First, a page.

8.2.5   Microsoft ASP.NET   
8.2.6   Microsoft ASP.NET Role Membership Provider  
8.2.7   Dot Net Nuke (DNN)  
8.2.8   AntiXSS Library 
8.2.9   Microsoft Enterprise Libraries Application Logging Block   
8.2.10  Log4Net 
8.2.11  Fluorine    
8.2.12  Adobe Flash 
8.3 Security View   
8.3.1   Data Encryption – Data at Rest  
8.3.2   Data Encryption – Data in Flight    
8.3.3   Authentication  
8.3.4   Authorisation   
8.3.5   Non-Repudiation 
8.3.6   Cross-Site Scripting (XSS) and SQL Injection    
8.3.7   Other Security Concerns 
8.4 Infrastructure View 
8.5 Support View    
8.6 Enterprise Standards Compliance 
9   Design Patterns and Principles  
9.1 Dependency Inversion Principle  
9.2 Dependency Injection Pattern    
9.3 Factory Pattern 
9.4 Persistence Ignorance   
9.5 Dependency Injection    
Appendix – [legacy project name] Phase 1    
9.6 Bespoke Physical Components 

4+1 architecture view model (from: https://en.wikipedia.org/wiki/4%2B1_architectural_view_model)

4+1 is a view model designed by Philippe Kruchten for “describing the architecture of software-intensive systems, based on the use of multiple, concurrent views”.[1] The views are used to describe the system from the viewpoint of different stakeholders, such as end-users, developers and project managers. The four views of the model are logical, development, process and physical view. In addition selected use cases or scenarios are used to illustrate the architecture serving as the ‘plus one’ view. Hence the model contains 4+1 views:[1]

  • Development view: The development view illustrates a system from a programmer’s perspective and is concerned with software management. This view is also known as the implementation view. It uses the UML Component diagram to describe system components. UML Diagrams used to represent the development view include the Package diagram.[2]
  • Logical view: The logical view is concerned with the functionality that the system provides to end-users. UML diagrams used to represent the logical view include, class diagrams, and state diagrams.[2]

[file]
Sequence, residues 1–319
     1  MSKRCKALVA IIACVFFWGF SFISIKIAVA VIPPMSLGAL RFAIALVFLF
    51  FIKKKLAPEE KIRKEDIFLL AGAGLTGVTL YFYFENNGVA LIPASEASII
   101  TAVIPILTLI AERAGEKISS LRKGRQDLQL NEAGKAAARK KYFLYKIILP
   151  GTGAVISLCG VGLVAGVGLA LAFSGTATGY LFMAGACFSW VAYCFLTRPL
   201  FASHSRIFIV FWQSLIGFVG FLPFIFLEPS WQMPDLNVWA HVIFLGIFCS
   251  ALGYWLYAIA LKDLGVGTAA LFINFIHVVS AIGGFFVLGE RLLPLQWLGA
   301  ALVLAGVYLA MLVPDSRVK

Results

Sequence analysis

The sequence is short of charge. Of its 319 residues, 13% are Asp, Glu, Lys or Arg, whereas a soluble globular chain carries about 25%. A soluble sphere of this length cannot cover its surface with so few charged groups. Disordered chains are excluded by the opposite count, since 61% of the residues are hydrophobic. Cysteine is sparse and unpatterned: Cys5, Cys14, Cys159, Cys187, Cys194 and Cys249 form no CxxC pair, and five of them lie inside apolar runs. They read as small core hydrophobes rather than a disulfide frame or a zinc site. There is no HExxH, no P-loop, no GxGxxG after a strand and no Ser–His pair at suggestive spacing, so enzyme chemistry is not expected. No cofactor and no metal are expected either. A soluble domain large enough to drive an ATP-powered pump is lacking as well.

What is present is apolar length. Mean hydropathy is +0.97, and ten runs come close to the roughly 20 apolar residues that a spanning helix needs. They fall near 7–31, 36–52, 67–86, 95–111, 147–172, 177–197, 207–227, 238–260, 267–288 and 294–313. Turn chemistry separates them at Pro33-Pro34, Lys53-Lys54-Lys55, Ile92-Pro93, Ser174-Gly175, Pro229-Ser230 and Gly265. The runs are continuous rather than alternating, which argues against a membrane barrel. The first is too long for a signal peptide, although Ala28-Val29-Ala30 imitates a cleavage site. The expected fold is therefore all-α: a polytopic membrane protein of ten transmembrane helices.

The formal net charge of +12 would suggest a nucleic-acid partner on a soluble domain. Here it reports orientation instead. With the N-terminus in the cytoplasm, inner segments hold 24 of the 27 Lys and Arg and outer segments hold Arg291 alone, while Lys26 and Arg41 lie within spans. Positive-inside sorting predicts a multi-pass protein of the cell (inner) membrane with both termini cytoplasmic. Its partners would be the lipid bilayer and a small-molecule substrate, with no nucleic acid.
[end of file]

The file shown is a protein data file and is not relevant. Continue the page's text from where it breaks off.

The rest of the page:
• Physical view: The physical view depicts the system from a system engineer’s point of view. It is concerned with the topology of software components on the physical layer as well as the physical connections between these components. This view is also known as the deployment view. UML diagrams used to represent the physical view include the deployment diagram.[2]
  • Process view: The process view deals with the dynamic aspects of the system, explains the system processes and how they communicate, and focuses on the runtime behavior of the system. The process view addresses concurrency, distribution, integrators, performance, and scalability, etc. UML diagrams to represent process view include the activity diagram.[2]
  • Scenarios: The description of an architecture is illustrated using a small set of use cases, or scenarios, which become a fifth view. The scenarios describe sequences of interactions between objects and between processes. They are used to identify architectural elements and to illustrate and validate the architecture design. They also serve as a starting point for tests of an architecture prototype. This view is also known as the use case view.

The 4+1 view model is generic and is not restricted to any notation, tool or design method. Quoting Kruchten,

The “4+1” view model is rather “generic”: other notations and tools can be used, other design methods can be used, especially for the logical and process decompositions, but we have indicated the ones we have used with success.

— Philippe Kruchten, Architectural Blueprints—The “4+1” View Model of Software Architecture[1]